Peeling For White Willow

Finding white willow to cleave for an upcoming project was not as simple as it sounds. So I’ve had plenty of incentive to start peeling my own for future use. Bill shot this short video last week to help remind me of what I learned about peeling willow with a brake. That’s the tool in the video that looks like a giant bobby pin.

My best results came from when I made several passes through the brake of just the butt, then from mid-rod, and finally from the tip of the rod.

Willow to peel with a brake.

The willow I’m peeling in the video was salix purpurea ‘green dicks’ fresh-cut earlier in the day. I did several tests over about 10 days to figure out when the willow would peel easily. For me, the best time was after the buds broke and the leaves were about as long as my thumbnail is wide.

Peeling willow with a brake.

After cutting the willow, I stood it in a bucket of water to keep the rods from drying out while I peeled. This may not be necessary, but I was glad I did: The fire department got paged out while I was in the middle of peeling. That willow would have been sitting in the sun and wind for several hours while we were off on the fire scene.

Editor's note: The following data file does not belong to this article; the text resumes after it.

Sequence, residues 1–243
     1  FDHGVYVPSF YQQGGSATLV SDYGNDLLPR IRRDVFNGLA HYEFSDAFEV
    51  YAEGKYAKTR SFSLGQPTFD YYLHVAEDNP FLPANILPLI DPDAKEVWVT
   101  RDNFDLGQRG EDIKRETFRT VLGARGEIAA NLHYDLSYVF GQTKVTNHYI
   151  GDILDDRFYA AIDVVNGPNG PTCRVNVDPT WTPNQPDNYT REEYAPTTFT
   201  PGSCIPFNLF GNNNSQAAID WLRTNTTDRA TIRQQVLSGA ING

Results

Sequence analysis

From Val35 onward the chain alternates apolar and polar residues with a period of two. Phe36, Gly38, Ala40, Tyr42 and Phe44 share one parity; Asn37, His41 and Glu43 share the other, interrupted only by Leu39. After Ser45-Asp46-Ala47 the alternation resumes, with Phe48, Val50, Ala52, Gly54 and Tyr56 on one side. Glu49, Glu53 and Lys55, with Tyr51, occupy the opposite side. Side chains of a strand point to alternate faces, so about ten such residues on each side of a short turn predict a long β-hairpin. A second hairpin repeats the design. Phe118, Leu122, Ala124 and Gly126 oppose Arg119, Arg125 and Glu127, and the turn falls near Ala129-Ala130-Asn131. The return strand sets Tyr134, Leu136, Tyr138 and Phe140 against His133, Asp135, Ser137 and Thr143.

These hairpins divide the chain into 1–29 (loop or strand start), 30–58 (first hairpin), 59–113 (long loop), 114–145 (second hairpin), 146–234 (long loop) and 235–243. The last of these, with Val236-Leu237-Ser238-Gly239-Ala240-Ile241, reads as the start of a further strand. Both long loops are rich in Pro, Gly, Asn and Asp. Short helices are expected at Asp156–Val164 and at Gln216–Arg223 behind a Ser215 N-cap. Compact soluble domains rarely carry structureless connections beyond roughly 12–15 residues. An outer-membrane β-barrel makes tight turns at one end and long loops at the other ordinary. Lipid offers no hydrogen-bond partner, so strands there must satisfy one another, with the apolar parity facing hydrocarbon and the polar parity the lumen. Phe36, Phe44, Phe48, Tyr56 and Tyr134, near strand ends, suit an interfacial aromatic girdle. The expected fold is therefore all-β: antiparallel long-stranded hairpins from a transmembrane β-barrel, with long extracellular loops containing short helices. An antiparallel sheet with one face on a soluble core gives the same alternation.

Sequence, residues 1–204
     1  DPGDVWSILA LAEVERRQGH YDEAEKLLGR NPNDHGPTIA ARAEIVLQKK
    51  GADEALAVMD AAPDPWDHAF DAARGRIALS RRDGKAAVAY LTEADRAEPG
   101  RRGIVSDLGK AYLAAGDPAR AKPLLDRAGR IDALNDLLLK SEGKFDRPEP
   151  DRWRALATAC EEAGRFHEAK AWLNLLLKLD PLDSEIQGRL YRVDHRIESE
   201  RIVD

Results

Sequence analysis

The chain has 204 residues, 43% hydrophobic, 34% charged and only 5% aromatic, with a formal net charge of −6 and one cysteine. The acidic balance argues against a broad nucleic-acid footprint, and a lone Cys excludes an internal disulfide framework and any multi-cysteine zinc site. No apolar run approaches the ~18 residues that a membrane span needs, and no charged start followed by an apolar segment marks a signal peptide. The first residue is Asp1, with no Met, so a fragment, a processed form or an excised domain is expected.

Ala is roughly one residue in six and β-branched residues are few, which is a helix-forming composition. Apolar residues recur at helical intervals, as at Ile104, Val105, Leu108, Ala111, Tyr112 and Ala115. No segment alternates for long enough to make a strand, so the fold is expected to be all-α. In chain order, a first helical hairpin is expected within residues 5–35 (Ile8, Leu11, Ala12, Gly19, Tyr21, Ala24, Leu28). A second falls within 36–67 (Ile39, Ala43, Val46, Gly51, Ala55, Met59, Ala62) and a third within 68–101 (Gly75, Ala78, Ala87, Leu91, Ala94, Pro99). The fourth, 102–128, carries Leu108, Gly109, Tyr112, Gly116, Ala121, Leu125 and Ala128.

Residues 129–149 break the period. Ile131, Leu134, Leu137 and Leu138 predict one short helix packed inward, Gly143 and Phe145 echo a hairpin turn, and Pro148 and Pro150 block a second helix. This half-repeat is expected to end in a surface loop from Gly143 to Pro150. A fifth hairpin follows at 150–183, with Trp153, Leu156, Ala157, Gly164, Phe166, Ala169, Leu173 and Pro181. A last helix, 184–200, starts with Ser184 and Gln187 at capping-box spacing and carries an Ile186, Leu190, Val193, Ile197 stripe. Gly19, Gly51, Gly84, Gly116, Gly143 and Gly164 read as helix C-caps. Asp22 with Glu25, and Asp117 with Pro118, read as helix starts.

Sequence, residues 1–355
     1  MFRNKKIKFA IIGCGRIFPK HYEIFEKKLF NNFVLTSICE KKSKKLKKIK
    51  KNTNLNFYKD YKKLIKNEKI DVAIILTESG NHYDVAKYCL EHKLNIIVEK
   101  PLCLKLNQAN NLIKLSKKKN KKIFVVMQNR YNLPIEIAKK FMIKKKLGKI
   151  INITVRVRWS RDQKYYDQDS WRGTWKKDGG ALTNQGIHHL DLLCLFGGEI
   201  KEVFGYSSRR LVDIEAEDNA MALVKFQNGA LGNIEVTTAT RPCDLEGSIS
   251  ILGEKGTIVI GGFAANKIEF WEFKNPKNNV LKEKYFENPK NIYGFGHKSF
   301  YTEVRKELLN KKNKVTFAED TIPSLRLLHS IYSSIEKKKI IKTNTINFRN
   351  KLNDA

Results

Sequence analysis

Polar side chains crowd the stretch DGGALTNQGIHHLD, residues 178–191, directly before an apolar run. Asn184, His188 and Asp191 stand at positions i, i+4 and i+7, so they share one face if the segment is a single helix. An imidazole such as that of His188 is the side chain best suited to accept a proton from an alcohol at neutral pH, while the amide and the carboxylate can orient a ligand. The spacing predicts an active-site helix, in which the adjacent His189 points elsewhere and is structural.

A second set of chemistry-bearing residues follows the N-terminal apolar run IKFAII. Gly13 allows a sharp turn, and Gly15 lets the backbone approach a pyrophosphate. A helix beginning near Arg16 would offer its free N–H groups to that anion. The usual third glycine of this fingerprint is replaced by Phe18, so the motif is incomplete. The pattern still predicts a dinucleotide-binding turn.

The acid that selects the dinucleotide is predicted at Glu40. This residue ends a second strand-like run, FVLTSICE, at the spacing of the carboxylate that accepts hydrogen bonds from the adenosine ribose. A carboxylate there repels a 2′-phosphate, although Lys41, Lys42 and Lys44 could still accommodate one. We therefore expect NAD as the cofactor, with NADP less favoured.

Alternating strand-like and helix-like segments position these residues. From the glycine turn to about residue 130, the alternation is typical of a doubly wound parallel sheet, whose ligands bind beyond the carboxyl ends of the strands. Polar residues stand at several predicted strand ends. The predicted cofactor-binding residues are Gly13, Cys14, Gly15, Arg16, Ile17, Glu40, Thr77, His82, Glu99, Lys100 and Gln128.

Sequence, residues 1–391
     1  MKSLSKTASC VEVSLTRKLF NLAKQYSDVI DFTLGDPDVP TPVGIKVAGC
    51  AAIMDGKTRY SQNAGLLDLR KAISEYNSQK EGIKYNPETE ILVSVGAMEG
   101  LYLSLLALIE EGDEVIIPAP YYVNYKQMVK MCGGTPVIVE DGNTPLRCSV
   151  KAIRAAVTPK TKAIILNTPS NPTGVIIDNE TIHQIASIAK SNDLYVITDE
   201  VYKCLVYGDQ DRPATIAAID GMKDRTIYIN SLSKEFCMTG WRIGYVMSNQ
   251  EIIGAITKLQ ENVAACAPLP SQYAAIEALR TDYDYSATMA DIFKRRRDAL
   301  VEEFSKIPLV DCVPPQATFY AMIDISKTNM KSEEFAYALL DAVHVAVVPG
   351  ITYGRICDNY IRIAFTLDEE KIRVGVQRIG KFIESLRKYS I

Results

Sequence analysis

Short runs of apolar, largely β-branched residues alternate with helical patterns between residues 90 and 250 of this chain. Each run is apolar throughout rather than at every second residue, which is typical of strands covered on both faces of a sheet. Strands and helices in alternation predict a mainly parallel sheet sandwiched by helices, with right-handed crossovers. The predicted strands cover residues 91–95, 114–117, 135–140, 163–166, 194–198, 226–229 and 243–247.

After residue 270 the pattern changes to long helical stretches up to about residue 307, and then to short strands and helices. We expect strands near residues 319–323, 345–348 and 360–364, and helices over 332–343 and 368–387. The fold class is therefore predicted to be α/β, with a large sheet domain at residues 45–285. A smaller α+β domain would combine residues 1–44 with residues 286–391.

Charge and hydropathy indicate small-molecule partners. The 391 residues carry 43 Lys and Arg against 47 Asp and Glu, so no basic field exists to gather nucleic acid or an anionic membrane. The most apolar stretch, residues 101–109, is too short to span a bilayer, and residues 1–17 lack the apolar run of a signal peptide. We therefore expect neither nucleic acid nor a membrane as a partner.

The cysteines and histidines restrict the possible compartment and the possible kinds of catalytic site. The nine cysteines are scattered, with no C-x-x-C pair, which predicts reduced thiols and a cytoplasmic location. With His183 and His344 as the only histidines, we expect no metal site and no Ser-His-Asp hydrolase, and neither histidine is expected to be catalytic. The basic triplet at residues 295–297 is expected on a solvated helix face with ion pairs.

A willow brake is a tool used for peeling the bark from willow.

Here’s a close-up of the brake, which goes into a hole in the top of an old stepstool. The hole is round, and the brake doesn’t fit perfectly, so I wedge a couple of screwdrivers on either side to hold the brake steady. I keep a basket next to the brake and throw the peeled bark into it. I’ll use the bark for natural dye.

Fresh-cut homegrown willow after peeling.

The peeled rods went into a large basket to keep them clean while they were still damp. When the basket was full and the rods were dry to the touch, I laid them on the grass in the sun to whiten a bit.

My peeling isn’t perfect, but it will get better with more practice. In the meantime, I feel good about having my own homegrown white willow seasoning for next year.

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Donna Kallner

fiber artist, teacher and explorer, inspired by ancient fiber techniques and all the ways contemporary fiber artists give old ideas a new spin